One of the easiest way to encrypt a MSSQL (or Oracle) database is to use TDE - Transparent Data Encryption. TDE requires the higher end enterprise MSSQL license and requires a DBA to execute SQL commands.
Why should you encrypt your database? If a hacker gets into your network, he may be able to steal a copy of the database or parts of the database. If the data is confidential or under HIPAA, SOX, CJIS or one of the many regulations out there, it can become quite a headache.
One of the benefit of TDE is that the application querying the database does not need to be aware the database encryption: it is transparent to the application. If you have an existing application and database, you can enable TDE on the database without downtime and without changing the code of the application.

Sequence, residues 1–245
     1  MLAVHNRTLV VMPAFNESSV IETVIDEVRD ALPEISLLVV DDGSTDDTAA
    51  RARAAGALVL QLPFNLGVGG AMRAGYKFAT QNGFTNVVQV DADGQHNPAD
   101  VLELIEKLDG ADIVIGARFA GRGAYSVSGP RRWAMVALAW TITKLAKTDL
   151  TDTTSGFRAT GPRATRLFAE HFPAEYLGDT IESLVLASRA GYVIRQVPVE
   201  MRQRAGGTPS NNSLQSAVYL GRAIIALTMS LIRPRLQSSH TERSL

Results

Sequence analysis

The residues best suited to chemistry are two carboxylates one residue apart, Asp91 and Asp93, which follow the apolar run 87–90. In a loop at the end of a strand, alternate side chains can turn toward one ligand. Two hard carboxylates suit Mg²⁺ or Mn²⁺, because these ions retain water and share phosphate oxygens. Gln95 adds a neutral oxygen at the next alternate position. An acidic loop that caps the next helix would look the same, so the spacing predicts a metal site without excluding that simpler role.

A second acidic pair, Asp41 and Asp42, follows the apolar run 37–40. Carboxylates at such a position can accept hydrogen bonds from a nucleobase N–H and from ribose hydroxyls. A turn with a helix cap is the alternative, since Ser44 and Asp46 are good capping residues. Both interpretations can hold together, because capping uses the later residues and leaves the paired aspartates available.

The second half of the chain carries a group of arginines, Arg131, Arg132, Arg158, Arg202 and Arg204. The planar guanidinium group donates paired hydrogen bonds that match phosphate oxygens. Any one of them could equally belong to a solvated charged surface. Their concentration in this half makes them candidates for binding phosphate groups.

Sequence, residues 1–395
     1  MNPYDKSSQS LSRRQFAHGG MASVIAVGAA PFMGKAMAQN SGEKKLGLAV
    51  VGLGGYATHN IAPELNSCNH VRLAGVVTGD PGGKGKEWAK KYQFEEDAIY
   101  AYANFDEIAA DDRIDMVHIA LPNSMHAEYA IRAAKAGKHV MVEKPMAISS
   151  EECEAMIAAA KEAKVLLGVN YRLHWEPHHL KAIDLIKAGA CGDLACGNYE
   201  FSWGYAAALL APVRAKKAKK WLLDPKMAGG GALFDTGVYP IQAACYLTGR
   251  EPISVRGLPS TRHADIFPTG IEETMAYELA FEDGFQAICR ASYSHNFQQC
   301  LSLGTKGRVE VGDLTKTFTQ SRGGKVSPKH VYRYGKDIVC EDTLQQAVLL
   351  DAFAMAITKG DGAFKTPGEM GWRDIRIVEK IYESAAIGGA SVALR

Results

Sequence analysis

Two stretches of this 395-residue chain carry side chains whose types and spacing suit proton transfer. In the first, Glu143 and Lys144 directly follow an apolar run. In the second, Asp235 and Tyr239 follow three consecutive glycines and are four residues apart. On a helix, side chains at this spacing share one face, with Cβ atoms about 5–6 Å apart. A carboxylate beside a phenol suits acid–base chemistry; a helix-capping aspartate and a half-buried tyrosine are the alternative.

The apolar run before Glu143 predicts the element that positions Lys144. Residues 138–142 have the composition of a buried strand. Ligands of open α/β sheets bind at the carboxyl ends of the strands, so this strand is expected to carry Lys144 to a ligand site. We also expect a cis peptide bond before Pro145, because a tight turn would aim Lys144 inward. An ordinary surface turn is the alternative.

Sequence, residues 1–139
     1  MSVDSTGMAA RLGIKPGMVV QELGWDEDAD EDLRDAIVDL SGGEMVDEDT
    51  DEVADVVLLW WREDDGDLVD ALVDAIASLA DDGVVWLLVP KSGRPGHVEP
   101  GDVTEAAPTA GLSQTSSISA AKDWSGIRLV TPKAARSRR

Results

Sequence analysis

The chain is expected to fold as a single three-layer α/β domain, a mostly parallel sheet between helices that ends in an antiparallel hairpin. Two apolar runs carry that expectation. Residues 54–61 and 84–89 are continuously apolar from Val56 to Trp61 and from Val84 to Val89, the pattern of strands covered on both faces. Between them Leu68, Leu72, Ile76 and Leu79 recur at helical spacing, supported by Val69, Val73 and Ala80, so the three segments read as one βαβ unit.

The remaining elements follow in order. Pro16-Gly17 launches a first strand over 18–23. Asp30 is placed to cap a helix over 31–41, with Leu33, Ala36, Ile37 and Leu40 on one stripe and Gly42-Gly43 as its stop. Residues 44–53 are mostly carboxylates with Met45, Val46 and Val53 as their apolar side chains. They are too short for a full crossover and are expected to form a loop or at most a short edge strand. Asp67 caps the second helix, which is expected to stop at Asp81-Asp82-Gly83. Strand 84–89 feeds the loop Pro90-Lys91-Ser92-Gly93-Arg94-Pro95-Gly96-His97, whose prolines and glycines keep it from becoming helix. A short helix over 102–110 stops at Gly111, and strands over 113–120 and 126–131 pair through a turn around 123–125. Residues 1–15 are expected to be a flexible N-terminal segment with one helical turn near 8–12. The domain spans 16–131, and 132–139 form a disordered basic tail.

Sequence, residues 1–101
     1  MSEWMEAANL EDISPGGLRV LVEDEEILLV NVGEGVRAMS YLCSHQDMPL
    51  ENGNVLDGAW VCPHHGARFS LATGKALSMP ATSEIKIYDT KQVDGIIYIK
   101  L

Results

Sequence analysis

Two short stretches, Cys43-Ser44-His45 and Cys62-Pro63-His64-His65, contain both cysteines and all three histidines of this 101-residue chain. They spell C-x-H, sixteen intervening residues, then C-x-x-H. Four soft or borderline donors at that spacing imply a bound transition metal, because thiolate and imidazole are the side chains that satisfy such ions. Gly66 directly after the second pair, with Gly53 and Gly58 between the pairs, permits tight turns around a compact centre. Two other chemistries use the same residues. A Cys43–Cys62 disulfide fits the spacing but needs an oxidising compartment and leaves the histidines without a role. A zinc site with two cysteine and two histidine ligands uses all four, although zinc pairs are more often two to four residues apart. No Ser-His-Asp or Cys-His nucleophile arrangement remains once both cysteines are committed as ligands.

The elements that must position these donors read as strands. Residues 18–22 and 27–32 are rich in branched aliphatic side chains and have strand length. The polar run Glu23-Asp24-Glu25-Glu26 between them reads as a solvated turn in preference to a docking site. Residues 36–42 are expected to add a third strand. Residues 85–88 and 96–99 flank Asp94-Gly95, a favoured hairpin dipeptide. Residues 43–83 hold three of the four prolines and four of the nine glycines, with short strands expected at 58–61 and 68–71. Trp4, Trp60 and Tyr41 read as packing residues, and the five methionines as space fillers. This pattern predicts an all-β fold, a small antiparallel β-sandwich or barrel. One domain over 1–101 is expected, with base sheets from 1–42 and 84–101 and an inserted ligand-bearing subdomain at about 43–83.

But there is catch! By default, MSSQL (or Oracle) stores the encryption key in software on the same machine, so it is not protected and not physically separated from the data. Again, if a hacker has access to you network and access to the data, he will have access to the key next to it so he can just decrypt the data. It is basically like leaving the key on the door of your car. Might as well not lock it!
SafeNet KeySecure solves this issue by keeping a Key Encryption Key outside of the database. In the video below, I walk you through the step of encrypting a SQL database with KeySecure. We look at the MDF and backup files in a text editor before and after encryption to prove the data is being encrypted. We also look at how the access to key in KeySecure is being logged.